Stillman reveals pricey revamp of long-shuttered Times Square Theater

It’s the latest act for a space that has sat vacant for decades

Roy Stillman and 217 West 42nd Street (Credit: Stillman Development and Google Maps)
Roy Stillman and 217 West 42nd Street (Credit: Stillman Development and Google Maps)

Stillman Development is planning a $100 million makeover for one of the last vestiges of old Times Square.

The company and its partner, the South Korean financial firm Daishin Securities Co., are renovating the long-shuttered Times Square Theater at 217 West 42nd Street to draw in entertainment-focused retailers, the Wall Street Journal reported.

“We wanted to design a project that would be insulated from the risks of e-commerce,” company president Roy Stillman said.

Stillman last year signed a 73-year lease for the space, and plans to restore its architectural features while lifting the theater’s limestone façade by five feet to create higher ceilings on the ground floor.

The developer will also construct a two-story glass box and outdoor space.

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It’s the latest act for the theater, which opened in 1920 as a Broadway playhouse until it was later converted into a movie theater. In the mid-2000s, fashion retailer Ecko Unltd. signed a lease at the property but never opened a store.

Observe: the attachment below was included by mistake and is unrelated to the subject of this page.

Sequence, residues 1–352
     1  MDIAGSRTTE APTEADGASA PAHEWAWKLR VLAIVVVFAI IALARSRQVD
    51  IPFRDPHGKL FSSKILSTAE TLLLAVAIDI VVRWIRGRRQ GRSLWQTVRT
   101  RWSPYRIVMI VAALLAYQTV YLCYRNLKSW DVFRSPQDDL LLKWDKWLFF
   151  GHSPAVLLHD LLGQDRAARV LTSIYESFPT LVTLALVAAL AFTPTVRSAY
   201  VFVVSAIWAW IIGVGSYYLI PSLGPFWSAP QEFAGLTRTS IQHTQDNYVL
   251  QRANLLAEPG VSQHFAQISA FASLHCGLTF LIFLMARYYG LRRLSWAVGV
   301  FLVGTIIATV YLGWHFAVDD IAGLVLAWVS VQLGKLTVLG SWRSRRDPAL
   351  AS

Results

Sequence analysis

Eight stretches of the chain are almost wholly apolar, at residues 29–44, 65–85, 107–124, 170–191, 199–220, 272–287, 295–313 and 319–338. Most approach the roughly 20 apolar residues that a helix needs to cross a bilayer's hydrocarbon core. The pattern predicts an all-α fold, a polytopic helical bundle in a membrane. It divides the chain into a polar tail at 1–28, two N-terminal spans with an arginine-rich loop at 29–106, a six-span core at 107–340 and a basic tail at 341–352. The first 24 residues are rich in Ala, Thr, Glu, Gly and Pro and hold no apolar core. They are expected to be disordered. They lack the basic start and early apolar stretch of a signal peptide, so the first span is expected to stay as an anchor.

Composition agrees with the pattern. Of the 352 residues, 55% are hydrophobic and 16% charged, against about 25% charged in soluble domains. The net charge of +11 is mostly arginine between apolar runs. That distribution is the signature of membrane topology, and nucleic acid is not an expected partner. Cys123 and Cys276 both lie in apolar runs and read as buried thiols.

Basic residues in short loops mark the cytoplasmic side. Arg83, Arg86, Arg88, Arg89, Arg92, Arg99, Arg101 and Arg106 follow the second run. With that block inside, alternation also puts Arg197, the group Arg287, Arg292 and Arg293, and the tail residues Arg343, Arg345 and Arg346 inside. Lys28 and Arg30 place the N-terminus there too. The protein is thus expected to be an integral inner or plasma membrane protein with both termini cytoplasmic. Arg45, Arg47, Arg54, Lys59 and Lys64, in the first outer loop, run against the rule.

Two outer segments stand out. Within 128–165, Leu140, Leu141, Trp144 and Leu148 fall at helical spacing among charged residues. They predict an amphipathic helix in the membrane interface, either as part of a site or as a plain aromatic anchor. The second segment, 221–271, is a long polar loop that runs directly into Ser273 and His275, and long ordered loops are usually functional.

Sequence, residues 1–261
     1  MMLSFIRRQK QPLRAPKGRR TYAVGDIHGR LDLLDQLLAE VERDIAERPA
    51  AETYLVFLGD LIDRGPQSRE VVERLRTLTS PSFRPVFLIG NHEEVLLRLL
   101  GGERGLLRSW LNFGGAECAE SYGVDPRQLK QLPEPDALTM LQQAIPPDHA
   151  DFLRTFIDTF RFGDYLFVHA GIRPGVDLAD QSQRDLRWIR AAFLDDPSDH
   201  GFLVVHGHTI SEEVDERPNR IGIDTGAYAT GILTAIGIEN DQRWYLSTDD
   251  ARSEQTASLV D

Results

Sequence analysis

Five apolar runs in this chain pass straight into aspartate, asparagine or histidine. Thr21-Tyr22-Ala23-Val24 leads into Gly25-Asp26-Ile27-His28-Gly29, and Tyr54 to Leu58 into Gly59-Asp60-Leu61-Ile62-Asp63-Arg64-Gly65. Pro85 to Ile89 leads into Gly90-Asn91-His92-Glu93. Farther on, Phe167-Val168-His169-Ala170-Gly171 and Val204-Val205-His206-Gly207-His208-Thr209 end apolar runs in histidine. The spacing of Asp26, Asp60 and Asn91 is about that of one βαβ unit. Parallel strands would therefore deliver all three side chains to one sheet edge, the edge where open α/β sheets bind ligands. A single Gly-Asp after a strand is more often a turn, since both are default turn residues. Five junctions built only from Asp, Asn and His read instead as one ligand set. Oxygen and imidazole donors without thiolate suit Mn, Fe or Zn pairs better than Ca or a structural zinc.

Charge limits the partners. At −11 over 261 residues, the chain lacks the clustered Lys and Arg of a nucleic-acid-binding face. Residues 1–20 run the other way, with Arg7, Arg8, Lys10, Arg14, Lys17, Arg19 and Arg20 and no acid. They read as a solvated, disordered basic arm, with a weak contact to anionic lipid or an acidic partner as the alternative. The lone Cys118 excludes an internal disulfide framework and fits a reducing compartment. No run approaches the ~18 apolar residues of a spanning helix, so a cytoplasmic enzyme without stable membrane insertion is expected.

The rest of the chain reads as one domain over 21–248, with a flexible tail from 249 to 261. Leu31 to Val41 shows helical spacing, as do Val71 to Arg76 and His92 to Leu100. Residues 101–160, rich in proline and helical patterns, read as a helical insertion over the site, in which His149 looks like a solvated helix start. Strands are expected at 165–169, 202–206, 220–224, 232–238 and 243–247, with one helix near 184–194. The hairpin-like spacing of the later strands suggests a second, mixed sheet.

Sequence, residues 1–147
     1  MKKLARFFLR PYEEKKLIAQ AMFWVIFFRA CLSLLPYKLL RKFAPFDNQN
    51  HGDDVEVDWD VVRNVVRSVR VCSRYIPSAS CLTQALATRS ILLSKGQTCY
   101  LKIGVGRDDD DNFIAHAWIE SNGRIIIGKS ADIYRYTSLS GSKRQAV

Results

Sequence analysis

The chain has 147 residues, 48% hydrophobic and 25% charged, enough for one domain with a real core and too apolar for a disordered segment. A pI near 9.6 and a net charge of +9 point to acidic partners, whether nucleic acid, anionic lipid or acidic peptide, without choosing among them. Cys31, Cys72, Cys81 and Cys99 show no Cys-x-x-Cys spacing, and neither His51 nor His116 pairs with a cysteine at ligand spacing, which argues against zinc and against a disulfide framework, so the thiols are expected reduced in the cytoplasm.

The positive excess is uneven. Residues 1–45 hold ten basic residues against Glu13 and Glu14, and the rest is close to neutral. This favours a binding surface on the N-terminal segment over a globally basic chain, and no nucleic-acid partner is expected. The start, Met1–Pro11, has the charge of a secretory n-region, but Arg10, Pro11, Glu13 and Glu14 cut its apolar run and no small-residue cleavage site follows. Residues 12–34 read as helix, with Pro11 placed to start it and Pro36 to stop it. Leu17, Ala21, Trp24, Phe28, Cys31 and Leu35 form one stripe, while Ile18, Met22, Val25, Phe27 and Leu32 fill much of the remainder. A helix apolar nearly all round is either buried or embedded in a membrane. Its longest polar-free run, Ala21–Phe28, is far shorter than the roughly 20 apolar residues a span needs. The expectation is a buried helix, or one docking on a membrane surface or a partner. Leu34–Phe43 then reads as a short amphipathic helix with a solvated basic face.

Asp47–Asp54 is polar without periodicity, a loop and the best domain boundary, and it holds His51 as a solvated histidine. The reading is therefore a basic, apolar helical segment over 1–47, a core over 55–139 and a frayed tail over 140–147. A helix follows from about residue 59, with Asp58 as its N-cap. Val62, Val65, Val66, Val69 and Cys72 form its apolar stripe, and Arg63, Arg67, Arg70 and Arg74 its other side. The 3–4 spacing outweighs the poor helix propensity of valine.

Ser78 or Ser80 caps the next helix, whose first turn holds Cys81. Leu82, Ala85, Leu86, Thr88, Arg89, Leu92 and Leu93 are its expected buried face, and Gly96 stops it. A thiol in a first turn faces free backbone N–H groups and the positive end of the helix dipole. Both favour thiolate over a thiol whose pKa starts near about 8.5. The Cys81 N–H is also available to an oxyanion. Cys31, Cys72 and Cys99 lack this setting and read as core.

In 2014, a group called “Broadway 4d” leased the property, but then walked away after paying rent for nearly four years. And last year a deal fell apart for a Singapore-based entertainment and multimedia company to lease the space.

Meanwhile, the city is struggling with vacant storefronts, though Times Square has remained resilient. Vacancy rates fell to 15.6 percent in the second quarter from 22 percent in 2016, according to Cushman & Wakefield.

Colliers International’s Brad Mendelson, who has long worked on the theater space and is handling leasing for Stillman, said the developer is targeting major brands like Apple, Amazon and Coca-Cola.

“The trick is you have to give the shopper a reason to go,” he said. “Otherwise the internet is easy to work.” [WSJ] – Rich Bockmann